Oceaneering provide highly skilled, experienced and motivated personnel qualified and certified in accordance with international certification schemes (e.g. PCN (EN 473/ IS0 9712), ANSI CP-189 and SNT-TC 1A) in the conventional techniques that have underpinned the NDT industry from its earliest days.
Dye Penetrant Inspection (PT)
A low cost method of detecting surface breaking flaws, such as cracks, cold laps, porosity etc. The dye penetrant is drawn into the surface breaking flaw by capillary action and excess surface penetrant is then removed; a developer is then applied to the surface, to draw out the penetrant in the crack and produce a surface indication. The technique can be applied to any non-porous clean material, metallic or non-metallic, but is unsuitable for dirty or very rough surfaces.
Eddy Current Inspection (ET)
An electrical technique detecting surface breaking defects in all electrically conducting materials through paint and surface coatings. All electrical methods are indirect; a material property is measured as an electrical property variation. A coil carrying an AC current is placed on the specimen surface. This generates circulating eddy currents in the specimen close to the surface and these in turn affect the current in the coil by mutual induction. Flaws and material variations affect the strength of the eddy currents. The presence of flaws is therefore measured by electrical changes in the excitation coil. Applications range from crack detection to metal sorting and from tube, bar and weld inspection.
Magnetic Particle Inspection (MT)
An extremely cost effective method for the detection of surface and near surface flaws in ferromagnetic materials is primarily used for crack detection. Following magnetisation the specimen is covered with very fine iron particles either dry or suspended in a liquid. Surface breaking flaws distort the magnetic field causing local magnetic flux leakage that attract the iron particles producing a build-up that can be seen visually.
Ultrasonic Inspection (UT)
Ultrasonic methods of NDT use beams of mechanical waves (vibrations) of short wavelength and high frequency, transmitted from a small probe in contact with the specimen surface and detected by the same or other probes. Such mechanical vibrations have different forms depending on the direction of particle movement in the wave motion, so there are several forms of ultrasonic waves. The most common and widely used in NDT are compressional and transverse (shear) waves. They can travel large distances in fine-grain metal and an oscilloscope display (A-scan) shows the time that it takes for an ultrasonic pulse to travel to a reflector (flaw or back-surface). Applications include location of manufacturing defects in welds and castings through to Corrosion / Erosion monitoring and large scale corrosion mapping.
Radiographic Inspection (RT)
A well established NDT technique which uses gamma-rays or X-rays to produce the image of an object onto film. The source of radiation is either an X-ray tube, which is normally described by the electrical voltage across the X-ray tube with the higher the voltage the higher the penetrating power of the radiation or a pellet of radioactive material emitting gamma-rays: Iridium 192, Cobalt 60, Selenium 75, Ytterbium 169. Applications include wall loss detection and sizing in pipes and plate through to manufacturing defects in welds, forgings castings etc.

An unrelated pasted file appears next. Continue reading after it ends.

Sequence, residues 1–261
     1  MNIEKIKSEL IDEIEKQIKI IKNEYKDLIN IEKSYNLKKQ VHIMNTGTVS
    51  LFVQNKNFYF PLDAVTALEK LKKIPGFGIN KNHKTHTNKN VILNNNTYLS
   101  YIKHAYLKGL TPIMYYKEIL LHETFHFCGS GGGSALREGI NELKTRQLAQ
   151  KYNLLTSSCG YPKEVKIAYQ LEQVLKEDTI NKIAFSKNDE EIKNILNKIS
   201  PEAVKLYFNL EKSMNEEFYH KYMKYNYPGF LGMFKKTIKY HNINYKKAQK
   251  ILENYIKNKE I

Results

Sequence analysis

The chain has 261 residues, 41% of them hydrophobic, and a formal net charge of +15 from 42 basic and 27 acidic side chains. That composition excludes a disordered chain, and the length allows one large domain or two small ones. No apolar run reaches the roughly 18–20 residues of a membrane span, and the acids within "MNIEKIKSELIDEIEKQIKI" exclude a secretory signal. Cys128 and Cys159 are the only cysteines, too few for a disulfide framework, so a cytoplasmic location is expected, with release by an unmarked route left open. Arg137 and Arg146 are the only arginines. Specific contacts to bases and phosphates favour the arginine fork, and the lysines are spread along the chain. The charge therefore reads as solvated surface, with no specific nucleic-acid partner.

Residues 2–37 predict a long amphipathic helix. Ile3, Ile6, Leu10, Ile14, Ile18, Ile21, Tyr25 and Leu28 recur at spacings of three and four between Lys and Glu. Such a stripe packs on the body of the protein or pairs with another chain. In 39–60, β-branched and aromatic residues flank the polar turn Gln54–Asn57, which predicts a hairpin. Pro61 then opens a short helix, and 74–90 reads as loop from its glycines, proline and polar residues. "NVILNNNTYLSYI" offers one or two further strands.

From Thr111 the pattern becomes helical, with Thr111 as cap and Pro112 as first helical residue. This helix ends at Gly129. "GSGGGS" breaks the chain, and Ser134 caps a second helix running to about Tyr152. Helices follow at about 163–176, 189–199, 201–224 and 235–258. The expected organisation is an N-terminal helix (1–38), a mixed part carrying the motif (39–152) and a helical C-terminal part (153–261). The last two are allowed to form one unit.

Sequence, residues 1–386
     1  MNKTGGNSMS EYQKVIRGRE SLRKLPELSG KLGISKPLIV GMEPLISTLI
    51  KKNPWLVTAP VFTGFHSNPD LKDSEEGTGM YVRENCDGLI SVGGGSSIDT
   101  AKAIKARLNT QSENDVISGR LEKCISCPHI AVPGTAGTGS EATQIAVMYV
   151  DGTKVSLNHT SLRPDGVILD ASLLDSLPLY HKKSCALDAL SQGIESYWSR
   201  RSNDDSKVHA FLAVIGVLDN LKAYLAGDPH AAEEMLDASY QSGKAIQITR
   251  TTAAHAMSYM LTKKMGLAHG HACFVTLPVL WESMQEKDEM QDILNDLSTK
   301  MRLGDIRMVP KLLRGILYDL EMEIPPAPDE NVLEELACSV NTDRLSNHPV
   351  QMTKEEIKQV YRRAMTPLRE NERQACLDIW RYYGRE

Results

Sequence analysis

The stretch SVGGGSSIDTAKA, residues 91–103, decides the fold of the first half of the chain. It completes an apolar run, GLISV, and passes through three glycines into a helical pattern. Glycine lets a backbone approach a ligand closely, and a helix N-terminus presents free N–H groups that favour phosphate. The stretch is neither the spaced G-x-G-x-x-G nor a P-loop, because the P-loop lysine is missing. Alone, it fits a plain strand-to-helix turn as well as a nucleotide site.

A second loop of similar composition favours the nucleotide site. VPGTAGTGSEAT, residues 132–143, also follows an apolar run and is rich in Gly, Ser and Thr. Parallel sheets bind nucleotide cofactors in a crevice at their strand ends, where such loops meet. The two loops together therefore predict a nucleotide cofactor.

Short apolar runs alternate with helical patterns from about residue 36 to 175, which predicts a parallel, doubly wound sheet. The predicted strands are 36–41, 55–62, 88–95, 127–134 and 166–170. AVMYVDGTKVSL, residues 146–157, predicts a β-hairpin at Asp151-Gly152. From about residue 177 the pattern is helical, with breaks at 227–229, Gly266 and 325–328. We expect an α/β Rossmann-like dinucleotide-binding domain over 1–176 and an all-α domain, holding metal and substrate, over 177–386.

Radiography provides a quality, cost effective, permanent record with high volume capabilities due to simple operation and portability. However, its use is restricted by the inherent risks associated with the use of radiation and the need to establish and manage a controlled area during the process. The associated problems are greatly reduced by the use of the ‘Small Controlled Area Radiography’ (SCAR) system, developed by Oceaneering. SCAR has set the precedent for safer working in the industry.
The SCAR system-Innovation in NDT
Radiography is a well-established conventional NDT technique with inherent risks associated with the use of radiation. Managing the safety risk by the setting of ‘controlled areas’ has the adverse affect of reducing clients’ production time. It was this clear market pull that triggered the innovative capability of Oceaneering to develop the ‘Small Controlled Area Radiography’ (SCAR) system. The system enables radiography to be performed in the heart of the workplace without disruption to normal operations.
The SCAR system comprises an internationally certified, purpose built, BS EN 3999 Category X gamma radiation source camera. The improved shielding and beam collimation provided by the camera allows the source exposure to be done more simply to the required standard of radiation protection. The gamma camera is pneumatically actuated from a remote distance, has a ‘fail-safe’ built in safety feature and automatically terminates exposures from a unique timer on the control box.
“Baby SCAR” the latest development was inspired by Oceaneering and the Sentinel model 959, undoubtedly the safest gamma radiographic system in the world. The ‘’baby SCAR’’ provides the same ultra-safe, non-projection feature as the original. The model 989 is fully ISO 3999 approved as category ‘X’ and Type ‘A’ package, rated to carry a 740 GBq (20 Curie) Selenium 75 payload. It has a Tungsten primary shield with a 40º square directional beamport and only weighs 7.5kg meaning it is incredibly easy to position using the Oceaneering purpose built clamping mechanism. Simple actuation pushes the isotope from the stored position to the open position using a conventional Sentinel Teleflex cable mechanism, using only a quarter turn on the handle to expose and retract, with a “posilok” safety locking mechanism.